Riis, Ole. ‘Rejection of Religious Pluralism — the Danish Case’. Nordic Journal of Religion & Society, vol. 24, no. 1, May 2011, pp. 19–36.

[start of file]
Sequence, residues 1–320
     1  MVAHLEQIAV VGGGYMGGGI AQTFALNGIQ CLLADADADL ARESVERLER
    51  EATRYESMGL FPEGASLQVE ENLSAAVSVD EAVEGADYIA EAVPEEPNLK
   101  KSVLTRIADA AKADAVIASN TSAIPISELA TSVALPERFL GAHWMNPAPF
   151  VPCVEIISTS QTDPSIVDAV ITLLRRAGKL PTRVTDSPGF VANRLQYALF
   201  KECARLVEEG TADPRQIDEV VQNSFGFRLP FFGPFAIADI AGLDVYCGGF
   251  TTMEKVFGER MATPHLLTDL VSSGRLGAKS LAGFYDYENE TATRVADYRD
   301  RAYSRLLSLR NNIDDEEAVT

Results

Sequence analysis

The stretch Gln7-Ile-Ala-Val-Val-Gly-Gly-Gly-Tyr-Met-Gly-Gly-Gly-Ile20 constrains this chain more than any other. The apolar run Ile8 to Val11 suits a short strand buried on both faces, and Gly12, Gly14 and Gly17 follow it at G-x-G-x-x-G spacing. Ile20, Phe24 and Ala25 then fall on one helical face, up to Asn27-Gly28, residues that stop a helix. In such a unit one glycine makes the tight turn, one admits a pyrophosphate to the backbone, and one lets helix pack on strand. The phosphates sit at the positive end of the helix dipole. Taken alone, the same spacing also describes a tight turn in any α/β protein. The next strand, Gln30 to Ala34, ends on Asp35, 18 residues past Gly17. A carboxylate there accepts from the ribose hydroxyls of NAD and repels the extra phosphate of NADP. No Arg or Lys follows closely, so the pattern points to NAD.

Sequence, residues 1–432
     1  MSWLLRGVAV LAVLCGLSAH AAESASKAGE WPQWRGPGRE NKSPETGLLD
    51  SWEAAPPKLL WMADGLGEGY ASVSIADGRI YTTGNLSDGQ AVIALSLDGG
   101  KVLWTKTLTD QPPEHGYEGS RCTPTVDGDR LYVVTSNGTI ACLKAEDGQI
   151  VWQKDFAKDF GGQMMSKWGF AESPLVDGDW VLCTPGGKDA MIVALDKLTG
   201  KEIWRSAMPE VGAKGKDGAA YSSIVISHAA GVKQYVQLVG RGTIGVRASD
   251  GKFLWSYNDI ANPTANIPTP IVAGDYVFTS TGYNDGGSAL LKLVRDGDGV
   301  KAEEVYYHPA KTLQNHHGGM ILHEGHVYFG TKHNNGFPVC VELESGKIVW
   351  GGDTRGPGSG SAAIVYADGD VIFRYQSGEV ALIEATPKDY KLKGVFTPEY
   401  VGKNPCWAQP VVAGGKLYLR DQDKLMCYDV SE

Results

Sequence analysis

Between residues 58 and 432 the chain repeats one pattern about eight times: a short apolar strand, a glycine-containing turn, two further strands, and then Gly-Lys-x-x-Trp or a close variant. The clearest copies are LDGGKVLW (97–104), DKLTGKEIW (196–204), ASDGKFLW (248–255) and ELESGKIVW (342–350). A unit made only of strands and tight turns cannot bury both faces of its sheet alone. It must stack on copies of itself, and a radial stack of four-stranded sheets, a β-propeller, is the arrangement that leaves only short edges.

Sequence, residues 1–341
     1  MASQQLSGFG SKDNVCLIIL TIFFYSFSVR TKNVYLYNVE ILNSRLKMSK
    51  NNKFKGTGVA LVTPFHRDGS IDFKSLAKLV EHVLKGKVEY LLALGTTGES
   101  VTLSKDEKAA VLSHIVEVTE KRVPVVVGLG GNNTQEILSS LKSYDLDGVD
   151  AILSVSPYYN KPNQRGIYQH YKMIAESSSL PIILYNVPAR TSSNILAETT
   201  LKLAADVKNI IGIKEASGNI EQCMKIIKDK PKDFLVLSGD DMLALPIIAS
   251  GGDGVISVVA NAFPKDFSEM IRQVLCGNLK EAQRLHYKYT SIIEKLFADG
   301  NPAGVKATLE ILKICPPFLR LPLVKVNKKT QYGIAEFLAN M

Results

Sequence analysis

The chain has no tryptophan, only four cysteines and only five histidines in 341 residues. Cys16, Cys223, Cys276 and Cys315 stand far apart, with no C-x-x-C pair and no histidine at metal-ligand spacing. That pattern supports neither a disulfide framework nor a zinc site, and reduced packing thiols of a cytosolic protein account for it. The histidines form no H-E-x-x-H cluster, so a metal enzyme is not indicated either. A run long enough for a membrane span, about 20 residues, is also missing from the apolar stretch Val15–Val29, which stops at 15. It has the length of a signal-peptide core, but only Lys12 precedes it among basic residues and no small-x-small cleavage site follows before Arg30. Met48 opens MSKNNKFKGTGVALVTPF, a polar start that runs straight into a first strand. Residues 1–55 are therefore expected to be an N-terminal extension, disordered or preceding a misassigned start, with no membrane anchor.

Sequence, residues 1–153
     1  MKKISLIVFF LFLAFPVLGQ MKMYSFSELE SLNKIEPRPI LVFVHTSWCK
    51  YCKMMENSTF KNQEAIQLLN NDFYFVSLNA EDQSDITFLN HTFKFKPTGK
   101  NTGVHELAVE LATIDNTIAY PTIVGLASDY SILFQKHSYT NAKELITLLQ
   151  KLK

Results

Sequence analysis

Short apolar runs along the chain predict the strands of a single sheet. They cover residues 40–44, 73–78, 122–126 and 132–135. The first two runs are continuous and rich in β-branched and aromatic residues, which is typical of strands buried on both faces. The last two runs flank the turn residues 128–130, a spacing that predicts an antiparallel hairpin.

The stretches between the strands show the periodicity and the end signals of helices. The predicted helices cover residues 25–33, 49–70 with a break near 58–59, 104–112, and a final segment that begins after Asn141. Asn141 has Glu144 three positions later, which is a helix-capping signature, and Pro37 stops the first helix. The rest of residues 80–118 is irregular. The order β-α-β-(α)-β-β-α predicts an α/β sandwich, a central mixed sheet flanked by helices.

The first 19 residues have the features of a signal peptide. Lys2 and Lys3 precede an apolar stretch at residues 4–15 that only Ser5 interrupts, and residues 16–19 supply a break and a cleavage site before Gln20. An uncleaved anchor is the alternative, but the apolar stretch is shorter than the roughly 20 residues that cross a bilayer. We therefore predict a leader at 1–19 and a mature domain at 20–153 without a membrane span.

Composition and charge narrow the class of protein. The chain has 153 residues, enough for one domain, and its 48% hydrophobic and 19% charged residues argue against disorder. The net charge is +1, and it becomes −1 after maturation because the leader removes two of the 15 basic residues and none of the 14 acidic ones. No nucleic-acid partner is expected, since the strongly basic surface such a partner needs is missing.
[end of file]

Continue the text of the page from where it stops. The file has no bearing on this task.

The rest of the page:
In Denmark, religion has for generations been a non-issue in public debates. However, as Islam has become the second largest religion over just one generation, religion has become a public issue (Hunter 2002). The rise of Islam is mostly due to immigration, and religious pluralism is therefore associated with integration (European Parliament 2007). Central opinion makers and politicians have reacted to the new challenge of religious pluralism by either trying to exclude religion from the public sphere or by proposing to insulate and expel religions which do not fit into the established model. Islamic identities have thus become suspect as spokespersons for the Danish majority either adhere to a policy of secularism or to a civil religious reference to the Denmark’s Christian heritage. This article presents the major cleavages in the Danish debates about religious pluralism. The study is based on Danish material, such as articles in newspapers, public reports, and web-site discussions.